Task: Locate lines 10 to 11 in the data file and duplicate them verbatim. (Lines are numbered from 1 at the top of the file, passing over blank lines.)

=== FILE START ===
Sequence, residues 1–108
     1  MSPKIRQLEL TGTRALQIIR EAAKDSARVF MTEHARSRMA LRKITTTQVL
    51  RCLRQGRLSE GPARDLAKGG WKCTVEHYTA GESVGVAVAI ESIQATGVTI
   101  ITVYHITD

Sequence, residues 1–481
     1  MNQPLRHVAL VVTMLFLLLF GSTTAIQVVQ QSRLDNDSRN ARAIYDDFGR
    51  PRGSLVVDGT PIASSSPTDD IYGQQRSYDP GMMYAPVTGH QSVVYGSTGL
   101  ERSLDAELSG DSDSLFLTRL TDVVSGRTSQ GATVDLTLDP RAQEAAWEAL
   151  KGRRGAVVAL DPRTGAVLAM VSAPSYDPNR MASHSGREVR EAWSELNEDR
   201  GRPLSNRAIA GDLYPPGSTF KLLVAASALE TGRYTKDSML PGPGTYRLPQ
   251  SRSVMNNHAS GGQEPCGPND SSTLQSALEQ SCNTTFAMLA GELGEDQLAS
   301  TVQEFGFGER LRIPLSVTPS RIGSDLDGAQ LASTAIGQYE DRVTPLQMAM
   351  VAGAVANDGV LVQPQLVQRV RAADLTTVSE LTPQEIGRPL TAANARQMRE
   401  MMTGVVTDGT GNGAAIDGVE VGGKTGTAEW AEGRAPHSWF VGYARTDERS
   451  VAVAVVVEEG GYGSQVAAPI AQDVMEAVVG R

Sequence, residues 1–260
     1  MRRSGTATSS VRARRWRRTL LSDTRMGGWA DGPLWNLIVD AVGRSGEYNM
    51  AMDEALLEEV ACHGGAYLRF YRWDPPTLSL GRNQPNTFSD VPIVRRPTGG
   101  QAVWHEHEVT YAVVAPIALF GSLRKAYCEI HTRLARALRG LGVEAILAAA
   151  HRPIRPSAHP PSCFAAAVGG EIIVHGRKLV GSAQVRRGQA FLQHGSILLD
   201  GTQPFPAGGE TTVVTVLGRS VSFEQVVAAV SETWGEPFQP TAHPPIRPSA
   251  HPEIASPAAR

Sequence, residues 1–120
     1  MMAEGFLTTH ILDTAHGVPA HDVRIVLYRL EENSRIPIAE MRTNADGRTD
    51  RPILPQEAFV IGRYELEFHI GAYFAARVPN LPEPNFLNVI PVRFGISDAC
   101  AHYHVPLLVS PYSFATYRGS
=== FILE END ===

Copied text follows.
   201  GRPLSNRAIA GDLYPPGSTF KLLVAASALE TGRYTKDSML PGPGTYRLPQ
   251  SRSVMNNHAS GGQEPCGPND SSTLQSALEQ SCNTTFAMLA GELGEDQLAS